Tuesday, July 14, 2009

Adult children should help parents simplify their finances

Mellody Hobson, financial editor on ABC’s Good Morning America, gave adult children advice this morning (July 14). Have a conversation with your parents about finances while they are still well, she said. You may have to approach the topic several times.

She recommended talking to them about direct deposit, automated bill paying, having a will (she didn’t mention write a trust but that is becoming popular), and in many cases considering long term care insurance. Here verb was “simplify.” Good advice could be to take stock certificates and bonds and put them into investment accounts managed by major banks (they are normally protected from the bank’s own health). She said that over 70% of people in the US do not have wills. And 70% of people in assisted living facilities or nursing homes must self-pay. Most people don’t know that Medicare doesn’t normally cover nursing home care, she said (there are exceptions).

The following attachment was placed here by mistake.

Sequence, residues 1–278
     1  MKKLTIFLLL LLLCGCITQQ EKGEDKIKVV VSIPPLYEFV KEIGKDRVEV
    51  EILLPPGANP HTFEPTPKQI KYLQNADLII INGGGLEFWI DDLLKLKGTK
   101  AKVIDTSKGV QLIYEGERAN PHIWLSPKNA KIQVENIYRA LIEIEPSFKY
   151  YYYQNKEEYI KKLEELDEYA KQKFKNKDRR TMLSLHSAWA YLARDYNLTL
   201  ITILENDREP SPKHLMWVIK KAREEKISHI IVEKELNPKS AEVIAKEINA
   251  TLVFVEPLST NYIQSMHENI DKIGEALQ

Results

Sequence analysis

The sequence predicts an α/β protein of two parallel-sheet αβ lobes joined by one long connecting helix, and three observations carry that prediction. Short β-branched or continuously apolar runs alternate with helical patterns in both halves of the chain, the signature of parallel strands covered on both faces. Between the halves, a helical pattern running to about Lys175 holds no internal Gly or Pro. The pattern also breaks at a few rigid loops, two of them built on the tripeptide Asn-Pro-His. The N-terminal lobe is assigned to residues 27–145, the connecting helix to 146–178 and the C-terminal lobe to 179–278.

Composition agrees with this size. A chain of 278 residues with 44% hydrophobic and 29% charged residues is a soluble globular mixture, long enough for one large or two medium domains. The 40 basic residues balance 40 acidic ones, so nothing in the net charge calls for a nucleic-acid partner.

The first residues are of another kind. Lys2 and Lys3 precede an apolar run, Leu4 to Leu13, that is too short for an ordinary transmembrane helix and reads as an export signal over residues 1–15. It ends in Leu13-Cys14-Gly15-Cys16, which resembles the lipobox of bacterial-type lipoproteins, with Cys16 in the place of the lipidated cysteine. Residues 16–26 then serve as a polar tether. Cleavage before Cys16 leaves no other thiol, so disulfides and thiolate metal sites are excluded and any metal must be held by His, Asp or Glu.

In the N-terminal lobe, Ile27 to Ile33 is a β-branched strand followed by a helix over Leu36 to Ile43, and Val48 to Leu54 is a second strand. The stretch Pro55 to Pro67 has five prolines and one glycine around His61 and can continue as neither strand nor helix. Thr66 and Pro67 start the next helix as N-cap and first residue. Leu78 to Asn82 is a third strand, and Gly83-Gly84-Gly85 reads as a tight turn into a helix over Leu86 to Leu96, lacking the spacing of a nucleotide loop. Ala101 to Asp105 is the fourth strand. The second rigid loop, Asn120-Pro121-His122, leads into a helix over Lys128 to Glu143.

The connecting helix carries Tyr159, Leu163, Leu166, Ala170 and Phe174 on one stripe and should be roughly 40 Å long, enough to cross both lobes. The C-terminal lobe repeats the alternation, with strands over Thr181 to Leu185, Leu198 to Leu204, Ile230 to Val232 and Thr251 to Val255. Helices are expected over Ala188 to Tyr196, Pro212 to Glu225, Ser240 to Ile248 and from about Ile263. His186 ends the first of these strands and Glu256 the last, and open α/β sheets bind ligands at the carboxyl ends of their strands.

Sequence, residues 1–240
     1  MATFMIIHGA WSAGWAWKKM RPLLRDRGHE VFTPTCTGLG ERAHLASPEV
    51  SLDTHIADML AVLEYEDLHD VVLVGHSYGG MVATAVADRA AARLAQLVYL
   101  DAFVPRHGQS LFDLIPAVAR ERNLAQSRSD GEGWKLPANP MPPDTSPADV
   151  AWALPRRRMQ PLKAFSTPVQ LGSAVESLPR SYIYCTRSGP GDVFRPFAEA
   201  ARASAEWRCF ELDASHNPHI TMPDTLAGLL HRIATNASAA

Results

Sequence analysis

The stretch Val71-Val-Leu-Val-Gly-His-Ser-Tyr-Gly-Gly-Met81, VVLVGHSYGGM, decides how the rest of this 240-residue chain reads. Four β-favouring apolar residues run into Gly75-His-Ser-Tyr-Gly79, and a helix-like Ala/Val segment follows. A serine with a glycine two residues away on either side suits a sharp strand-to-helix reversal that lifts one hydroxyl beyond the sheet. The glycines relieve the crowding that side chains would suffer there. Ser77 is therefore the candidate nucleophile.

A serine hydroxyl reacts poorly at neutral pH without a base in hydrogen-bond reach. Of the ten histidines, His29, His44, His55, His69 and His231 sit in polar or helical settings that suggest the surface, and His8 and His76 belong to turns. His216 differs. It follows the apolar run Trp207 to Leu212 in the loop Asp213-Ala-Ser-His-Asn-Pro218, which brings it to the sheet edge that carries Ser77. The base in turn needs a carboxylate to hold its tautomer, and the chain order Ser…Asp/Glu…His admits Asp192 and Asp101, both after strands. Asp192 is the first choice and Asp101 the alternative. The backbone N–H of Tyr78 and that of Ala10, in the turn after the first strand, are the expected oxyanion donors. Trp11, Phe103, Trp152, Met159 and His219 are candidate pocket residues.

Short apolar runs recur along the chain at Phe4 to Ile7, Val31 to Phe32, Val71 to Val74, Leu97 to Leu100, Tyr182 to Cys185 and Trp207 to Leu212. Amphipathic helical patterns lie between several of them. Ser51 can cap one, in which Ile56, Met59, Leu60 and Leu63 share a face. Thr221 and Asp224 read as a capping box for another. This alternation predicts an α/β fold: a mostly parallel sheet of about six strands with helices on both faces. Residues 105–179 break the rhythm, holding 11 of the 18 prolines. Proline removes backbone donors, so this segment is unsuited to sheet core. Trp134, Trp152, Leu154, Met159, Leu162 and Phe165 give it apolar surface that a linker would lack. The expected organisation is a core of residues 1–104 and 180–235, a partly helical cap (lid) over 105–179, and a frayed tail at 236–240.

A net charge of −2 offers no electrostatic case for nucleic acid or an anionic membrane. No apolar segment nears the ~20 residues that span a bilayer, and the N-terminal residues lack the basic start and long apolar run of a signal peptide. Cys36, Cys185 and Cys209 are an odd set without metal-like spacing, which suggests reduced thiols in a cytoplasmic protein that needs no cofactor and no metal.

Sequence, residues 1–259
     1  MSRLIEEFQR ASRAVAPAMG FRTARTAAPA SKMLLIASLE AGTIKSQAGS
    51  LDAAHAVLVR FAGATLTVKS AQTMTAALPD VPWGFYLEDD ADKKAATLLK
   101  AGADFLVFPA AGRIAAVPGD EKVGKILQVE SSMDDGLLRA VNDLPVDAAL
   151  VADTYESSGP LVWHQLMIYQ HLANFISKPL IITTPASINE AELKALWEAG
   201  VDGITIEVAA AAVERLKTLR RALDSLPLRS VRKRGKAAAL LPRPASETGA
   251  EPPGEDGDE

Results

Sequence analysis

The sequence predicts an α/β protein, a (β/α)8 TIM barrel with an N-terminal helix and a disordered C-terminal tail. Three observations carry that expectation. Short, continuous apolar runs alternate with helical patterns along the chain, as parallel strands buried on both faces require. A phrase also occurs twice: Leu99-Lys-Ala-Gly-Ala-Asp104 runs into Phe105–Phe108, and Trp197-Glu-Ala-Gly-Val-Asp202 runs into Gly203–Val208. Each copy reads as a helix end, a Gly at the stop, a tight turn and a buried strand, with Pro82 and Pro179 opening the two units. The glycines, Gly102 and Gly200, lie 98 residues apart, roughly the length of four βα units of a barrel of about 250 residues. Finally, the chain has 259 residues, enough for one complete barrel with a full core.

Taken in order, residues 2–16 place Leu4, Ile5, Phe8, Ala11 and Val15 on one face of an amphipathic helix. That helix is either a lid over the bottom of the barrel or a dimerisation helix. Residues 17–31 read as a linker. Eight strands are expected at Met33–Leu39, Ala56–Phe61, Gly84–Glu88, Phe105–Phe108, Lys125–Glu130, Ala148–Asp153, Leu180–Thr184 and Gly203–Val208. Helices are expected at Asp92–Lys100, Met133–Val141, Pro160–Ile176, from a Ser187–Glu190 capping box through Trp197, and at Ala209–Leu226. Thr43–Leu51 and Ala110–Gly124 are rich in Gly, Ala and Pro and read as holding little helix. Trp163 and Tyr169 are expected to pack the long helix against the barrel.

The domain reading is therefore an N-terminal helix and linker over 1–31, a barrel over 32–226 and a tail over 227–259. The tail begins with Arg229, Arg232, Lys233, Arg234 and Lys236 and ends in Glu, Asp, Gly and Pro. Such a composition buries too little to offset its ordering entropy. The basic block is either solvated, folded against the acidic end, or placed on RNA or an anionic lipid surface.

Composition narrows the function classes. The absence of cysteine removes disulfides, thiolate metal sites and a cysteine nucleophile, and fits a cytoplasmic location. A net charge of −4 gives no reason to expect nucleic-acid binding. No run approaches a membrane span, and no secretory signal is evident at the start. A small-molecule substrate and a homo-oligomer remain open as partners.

The link is called “How to Talk to Your Parents About Money: Get Mellody Hobson's Tips for Discussing Finances With Your Elders” with link here.

Hobson did not mention filial responsibility laws, or so called poor laws, which in 28 states (including California) could force adult children to support indigent parents, and which might be enforced in the future given the financial crisis in many states.

Hobson mentioned the AARP's estate planning link, which is here. I think that it is interesting how the AARP plays devil's advocate with the rapid promotion of living trusts by lawyers, in a piece called "The Truth about Living Trusts", at this link. AARP says that it does not endorse particular trusts or parties selling them. This article is in some contrast to what the media (like Jeffrey Toobin on CNN) has said about trusts (favorably) in view of the Michael Jackson experience.

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